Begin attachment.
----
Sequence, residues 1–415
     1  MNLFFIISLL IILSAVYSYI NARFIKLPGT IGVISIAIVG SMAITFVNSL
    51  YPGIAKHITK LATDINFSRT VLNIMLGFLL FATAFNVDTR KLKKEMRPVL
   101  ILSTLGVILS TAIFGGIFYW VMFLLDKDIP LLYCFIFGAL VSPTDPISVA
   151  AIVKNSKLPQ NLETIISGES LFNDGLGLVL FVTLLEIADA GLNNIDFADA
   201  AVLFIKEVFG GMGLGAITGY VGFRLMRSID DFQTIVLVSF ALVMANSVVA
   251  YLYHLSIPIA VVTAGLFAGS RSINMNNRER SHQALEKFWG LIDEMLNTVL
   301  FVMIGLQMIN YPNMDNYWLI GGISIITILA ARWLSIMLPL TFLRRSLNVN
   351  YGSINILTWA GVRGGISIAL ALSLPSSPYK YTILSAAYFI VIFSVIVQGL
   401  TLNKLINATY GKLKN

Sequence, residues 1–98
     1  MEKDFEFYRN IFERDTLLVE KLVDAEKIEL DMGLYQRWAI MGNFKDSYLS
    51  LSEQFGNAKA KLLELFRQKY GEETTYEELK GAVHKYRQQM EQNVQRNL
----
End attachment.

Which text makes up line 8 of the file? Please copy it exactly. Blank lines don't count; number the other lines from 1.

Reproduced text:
   301  FVMIGLQMIN YPNMDNYWLI GGISIITILA ARWLSIMLPL TFLRRSLNVN